To Fight Fakeness, A New Kind of Leadership Is Needed

Time magazine announced its Person of the Year earlier this week. Jamal Khashoggi, Maria Ressa, staff of the Capital Gazette , along with Kyaw Soe Oo and Wa Lone from Myanmar were recognized as guardians fighting the war on truth. They are journalists who hold truth above all else including their own personal safety (half of them have been murdered.) However, Time magazine’s story is somewhat incomplete.

Time magazine announced its Person of the Year earlier this week. Jamal Khashoggi, Maria Ressa, staff of the Capital Gazette , along with Kyaw Soe Oo and Wa Lone from Myanmar were recognized as guardians fighting the war on truth. They are journalists who hold truth above all else including their own personal safety (half of them have been murdered.) They chose to fight governments, despots and other bad actors who treated the truth like putty – useful only when it served larger nefarious goals and malleable into something else when it didn’t. These guardians believed that the person with the largest microphone shouldn’t necessarily get to be the arbiter of the truth. There’s no question: the world is a better place thanks to their courage.

However, Time magazine’s story is somewhat incomplete. We cannot depend on guardians like them alone to win the war on truth for us. The war on truth stretches across continents, generations and all parts of society from government and politics to business and into our personal lives. We’d like to believe that the phenomena of misinformation is limited to the political sphere, but that’s not the case. We want to take comfort in the thought that the war on truth is Congress’s problem to solve by regulating the technology companies, but that’s not accurate either. We celebrate journalists like the guardians above, because we want to believe the war on truth is their problem to fix, but in doing that we absolve ourselves of our own responsibilities. Yes, we as leaders carry significant responsibility as well – to protect the truth, to elevate it, to fight misinformation and to help create a more trusted and trustworthy society in the post-trust era. We must be savvy about it.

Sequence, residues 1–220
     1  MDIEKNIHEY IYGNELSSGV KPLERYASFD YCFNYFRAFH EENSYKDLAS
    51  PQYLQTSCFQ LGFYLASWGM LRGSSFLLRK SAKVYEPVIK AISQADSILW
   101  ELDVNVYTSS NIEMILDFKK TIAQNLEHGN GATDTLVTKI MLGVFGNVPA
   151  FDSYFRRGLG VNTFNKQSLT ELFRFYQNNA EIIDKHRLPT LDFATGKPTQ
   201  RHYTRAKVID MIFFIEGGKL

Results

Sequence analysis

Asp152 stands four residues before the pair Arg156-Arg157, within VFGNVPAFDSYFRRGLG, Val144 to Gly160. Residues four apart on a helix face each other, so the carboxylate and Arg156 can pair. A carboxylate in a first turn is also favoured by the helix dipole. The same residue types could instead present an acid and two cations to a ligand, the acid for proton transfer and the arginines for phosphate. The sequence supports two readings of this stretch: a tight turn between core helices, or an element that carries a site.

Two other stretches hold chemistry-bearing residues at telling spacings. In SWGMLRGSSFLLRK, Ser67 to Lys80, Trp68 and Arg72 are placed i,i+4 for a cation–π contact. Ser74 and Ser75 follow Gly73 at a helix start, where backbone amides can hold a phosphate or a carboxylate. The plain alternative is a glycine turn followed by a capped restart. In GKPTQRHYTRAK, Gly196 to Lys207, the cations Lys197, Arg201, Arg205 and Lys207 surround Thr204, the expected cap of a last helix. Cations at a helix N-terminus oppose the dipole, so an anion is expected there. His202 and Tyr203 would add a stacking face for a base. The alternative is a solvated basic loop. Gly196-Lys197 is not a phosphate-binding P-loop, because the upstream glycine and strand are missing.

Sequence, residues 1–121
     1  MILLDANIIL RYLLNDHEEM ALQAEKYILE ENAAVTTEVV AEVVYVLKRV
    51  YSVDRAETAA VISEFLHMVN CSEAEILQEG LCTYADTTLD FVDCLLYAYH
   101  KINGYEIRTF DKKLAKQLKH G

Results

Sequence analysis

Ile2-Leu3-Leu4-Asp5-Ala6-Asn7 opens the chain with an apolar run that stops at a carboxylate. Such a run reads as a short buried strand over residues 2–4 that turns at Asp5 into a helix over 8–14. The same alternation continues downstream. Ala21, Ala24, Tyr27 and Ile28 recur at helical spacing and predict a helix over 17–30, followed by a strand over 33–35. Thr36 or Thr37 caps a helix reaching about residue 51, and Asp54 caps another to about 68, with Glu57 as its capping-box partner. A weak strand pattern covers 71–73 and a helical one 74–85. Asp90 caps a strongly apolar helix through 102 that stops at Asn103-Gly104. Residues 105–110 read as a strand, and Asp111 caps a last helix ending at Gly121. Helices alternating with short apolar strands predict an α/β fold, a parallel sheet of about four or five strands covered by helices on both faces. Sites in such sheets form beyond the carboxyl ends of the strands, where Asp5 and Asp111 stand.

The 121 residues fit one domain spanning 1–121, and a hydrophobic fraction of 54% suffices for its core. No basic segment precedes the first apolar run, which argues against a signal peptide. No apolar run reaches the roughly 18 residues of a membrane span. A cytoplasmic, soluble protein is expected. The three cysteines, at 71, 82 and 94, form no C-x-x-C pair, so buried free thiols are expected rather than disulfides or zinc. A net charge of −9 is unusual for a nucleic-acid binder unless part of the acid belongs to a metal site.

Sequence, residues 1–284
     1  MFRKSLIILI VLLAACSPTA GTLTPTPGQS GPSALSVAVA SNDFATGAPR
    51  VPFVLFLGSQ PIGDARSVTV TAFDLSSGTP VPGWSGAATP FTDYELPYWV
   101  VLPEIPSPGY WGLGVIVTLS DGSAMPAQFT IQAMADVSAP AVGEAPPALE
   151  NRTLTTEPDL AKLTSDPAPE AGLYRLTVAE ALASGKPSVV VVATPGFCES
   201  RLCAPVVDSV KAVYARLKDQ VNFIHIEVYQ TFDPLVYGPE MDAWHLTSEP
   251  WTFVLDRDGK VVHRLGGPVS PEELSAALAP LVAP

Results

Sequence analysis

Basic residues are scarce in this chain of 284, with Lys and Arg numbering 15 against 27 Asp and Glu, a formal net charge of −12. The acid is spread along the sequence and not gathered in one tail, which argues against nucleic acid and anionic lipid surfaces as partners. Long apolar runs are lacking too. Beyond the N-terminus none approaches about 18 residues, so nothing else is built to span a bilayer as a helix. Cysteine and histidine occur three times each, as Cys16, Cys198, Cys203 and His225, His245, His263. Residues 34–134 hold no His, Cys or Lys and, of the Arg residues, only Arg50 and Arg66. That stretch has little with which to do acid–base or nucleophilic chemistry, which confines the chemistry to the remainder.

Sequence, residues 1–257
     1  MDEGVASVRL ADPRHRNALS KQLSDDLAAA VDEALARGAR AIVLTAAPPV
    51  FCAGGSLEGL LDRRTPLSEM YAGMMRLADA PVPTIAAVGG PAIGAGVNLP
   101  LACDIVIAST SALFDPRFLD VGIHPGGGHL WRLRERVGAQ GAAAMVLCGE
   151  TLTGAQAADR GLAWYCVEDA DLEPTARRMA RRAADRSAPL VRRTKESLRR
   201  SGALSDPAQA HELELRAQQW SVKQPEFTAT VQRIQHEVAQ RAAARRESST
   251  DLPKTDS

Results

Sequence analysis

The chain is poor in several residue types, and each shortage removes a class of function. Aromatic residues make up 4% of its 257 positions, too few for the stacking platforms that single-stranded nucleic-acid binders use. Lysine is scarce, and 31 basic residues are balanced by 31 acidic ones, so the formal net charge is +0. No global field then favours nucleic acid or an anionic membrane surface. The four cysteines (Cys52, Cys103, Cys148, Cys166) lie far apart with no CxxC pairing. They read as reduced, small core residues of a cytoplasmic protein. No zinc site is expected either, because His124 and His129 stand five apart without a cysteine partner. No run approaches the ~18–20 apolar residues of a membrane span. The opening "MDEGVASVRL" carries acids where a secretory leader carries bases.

Let’s take a look at a few examples to discuss how we as regular citizens can be guardians. We’ll start with Uber. A few days before Uber’s self-driving car accident that killed a cyclist, a manager in testing operations sent seven Uber executives a detailed email warning them that the self-driving program was very dangerous. He carefully explained why and highlighted past close calls to make his case. Unfortunately, the email was ignored and a person had to die before they halted the program. Now over the last year, Uber has been doing an immense amount to righten its ship. CEO Dara Khosrowshahi and his leadership team should be commended for their efforts to fix the Uber culture. But this whistleblower was ignored. And it wasn’t one person but several that ignored him. They didn’t because they were blinded by business metrics to clock more self-driving miles than their competitors. Those seven Uber executives missed their opportunity to be guardians.

Twitter CEO and billionaire Jack Dorsey visited Myanmar on a ten day meditation retreat. He tweeted photographs that showed how he was able to lower his heartbeat, meditate in a cave and as he said, experience firsthand how “people are full of joy” in that country. He encouraged his four million Twitter followers to visit the “absolutely beautiful country” and experience it for themselves. Except that Myanmar has a brutal dictatorship which, according to the United Nations, is conducting a “textbook example of ethnic cleansing” on the minority Rohingya population. Thousands have been killed, and nearly a million Rohingya Muslims have fled their homes as a result. Dorsey’s tweets smacked of childish naivete at best if not willful ignorance at worst according to many. How could he have been unaware of what citizens of Myanmar were going through? And if he was aware, how could he give the country such a ringing endorsement? You could argue that it wasn’t his responsibility to take a stand on the politics especially because if he did, he probably wouldn’t have been let out of the country. But then again, he’s Twitter’s CEO, running one of the most important media platforms in the world. His voice really counts. He had an opportunity to be a guardian or at the very least a more thoughtful, sensitive observer and he wasn’t. Dorsey is now making amends but the lesson still stands.